|Crescent City (steamer)||Pittsburgh Steamship||Lakewood (7 m NE of Duluth)||aground against cliffs|
|Lafayette (steamer)||Pittsburgh Steamship||Encampment Island (7 m NE of Two Harbors, Minnesota)||‘broken up’|
|Manila (barge) of Lafayette||Pittsburgh Steamship||Encampment Island (7 m NE of Two Harbors)||aground|
|William Edenborn||Pittsburgh Steamship||nr Split Rock River||hard ashore & broken in two|
|Madeira (barge) of Edenborn||Pittsburgh Steamship||Gold Rock (3 mi NE)||sunk and broken in two|
|George Herbert (scow)||Two Island, nr Schroeder, Minnesota||smashed to pieces|
|George Spencer (wooden steamer)||Thomasville (nr Tofte, Minnesota)||hard aground|
|Amboy (barge) of Spencer||hard aground|
|Monkshaven (steamer)||Pie Island, Port Arthur, Ontario||on the rocks|
|W.E. Corey (steamer)||Pittsburgh Steamship||Gull Island (Apostles)||stranded|
|Western Star (steamer)||Fourteen-Mile Point nr Ontonagon, Michigan||stranded tight|
|Coralia (steamer)||Pittsburgh Steamship||Point Isabelle (east side Keweenaw Peninsula)||‘hung-up’|
|Maia (barge) of Coralia||Pittsburgh Steamship||Point Isabelle (east side Keweenaw Peninsula)||‘hung-up’|
|Ira Owen (steamer)||NE of Outer Island (Apostles)||foundered|
|Percy G. Walker (steamer)||Two Harbors||Badly damaged deck house|
|Vega (steamer)||Gilchrist Transportation Co.||South or North? side of Fox Island||'broke in two and pounded to pieces'|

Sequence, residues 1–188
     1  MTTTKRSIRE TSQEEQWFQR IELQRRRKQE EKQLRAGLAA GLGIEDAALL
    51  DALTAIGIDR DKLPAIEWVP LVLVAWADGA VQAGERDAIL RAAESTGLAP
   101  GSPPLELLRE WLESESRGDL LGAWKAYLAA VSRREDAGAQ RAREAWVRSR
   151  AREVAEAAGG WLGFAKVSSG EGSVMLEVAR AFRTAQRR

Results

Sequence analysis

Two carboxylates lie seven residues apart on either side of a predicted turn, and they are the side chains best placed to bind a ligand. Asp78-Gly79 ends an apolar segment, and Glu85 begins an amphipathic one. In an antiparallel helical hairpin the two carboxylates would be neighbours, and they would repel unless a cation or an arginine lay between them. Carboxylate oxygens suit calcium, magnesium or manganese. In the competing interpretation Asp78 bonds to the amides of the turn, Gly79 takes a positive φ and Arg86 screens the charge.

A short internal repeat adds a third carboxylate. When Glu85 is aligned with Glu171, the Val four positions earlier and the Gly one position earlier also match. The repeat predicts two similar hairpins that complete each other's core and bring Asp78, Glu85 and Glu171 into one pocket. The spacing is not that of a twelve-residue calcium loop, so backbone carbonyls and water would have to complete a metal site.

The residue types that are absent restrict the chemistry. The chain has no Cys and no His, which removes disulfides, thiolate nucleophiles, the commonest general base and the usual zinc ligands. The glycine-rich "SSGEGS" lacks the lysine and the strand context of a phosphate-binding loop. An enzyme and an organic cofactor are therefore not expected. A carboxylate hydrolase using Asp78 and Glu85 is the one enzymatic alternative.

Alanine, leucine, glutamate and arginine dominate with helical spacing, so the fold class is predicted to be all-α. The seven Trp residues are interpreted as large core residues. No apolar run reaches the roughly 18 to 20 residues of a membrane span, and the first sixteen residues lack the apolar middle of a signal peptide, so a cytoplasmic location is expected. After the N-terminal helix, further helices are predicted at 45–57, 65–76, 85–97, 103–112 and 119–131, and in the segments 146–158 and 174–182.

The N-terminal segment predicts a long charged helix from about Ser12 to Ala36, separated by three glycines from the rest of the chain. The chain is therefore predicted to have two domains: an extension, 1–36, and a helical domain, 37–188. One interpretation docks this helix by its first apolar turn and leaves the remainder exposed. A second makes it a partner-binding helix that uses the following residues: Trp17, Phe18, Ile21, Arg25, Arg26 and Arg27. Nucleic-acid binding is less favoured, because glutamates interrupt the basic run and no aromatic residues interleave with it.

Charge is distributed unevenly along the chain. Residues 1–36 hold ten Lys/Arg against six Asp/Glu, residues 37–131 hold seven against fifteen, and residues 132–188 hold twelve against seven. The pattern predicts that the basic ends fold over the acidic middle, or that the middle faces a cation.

- Great Storms of the North American Great Lakes
- List of shipwrecks in 1905
- Madeira (shipwreck)
- SS Mataafa
- Duluth Seaway Port Authority, Minnesota Archived 2010-06-08 at the Wayback Machine.
- C. F. Schneider (1905-12-06). Report For November 1905: Michigan Section of the Climate and Crop Service of the Weather Bureau in Cooperation With the Michigan State Weather Service. Grand Rapids, Michigan Weather Bureau Office. p. 4.
- Daily Weather Map Series. United States Weather Bureau. 1905-11-27. Missing or empty
- Alfred J. Henry and Norman B. Conger (1906). Weather Bureau Number 350: Meteorological Chart of the Great Lakes. Summary for the Season of 1905. No. 2, 1905. Government Printing Office. p. 3.
- Daily Weather Map Series. United States Weather Bureau. 1905-11-28. Missing or empty
- War Department Corp of Engineers Bulletin Number 25: Survey of Northern and Northwestern Lakes. United States Lake Survey Office, Detroit, Michigan. April 1916. p. 36.
- Daily Weather Map Series. United States Weather Bureau. 1905-11-29. Missing or empty
- GenDisasters: Duluth, MN Steamer MATAAFA Disaster, Nov 1905, by Stu Beitler
- The Infamous Freighter Mataafa, The Mind of James Donahue, by James Donahue
- Great Lakes Shipwrecks and Survivals, William Ratigan, published by Galahad Books, Book IV: DOOMED ON SUPERIOR, November 1905, pg.274
- Great Lakes Shipwrecks and Survivals, William Ratigan, published by Galahad Books, Book IV: DOOMED ON LAKE SUPERIOR, Chapter 8, pg.274
- GenDisasters: Duluth, MN Steamer MATAAFA Disaster, Nov 1905, by Stu Beitler
- Bowen, Dana Thomas, Lore of the Lakes; Freshwater Press, Inc.; Cleveland, Ohio; 1940, pp. 216-229
- Wolff, Julius F. Jr., Inland Seas, Volume 18; Havighurst, Walter, ed.; The Great Lakes Reader; The Macmillan Company, New York, New York, 1966, pg 306-308
- Pepper, Terry (2003). "Split Rock Light". Seeing The Light: Lighhouses of the western Great Lakes. Retrieved 2010-01-16. External link in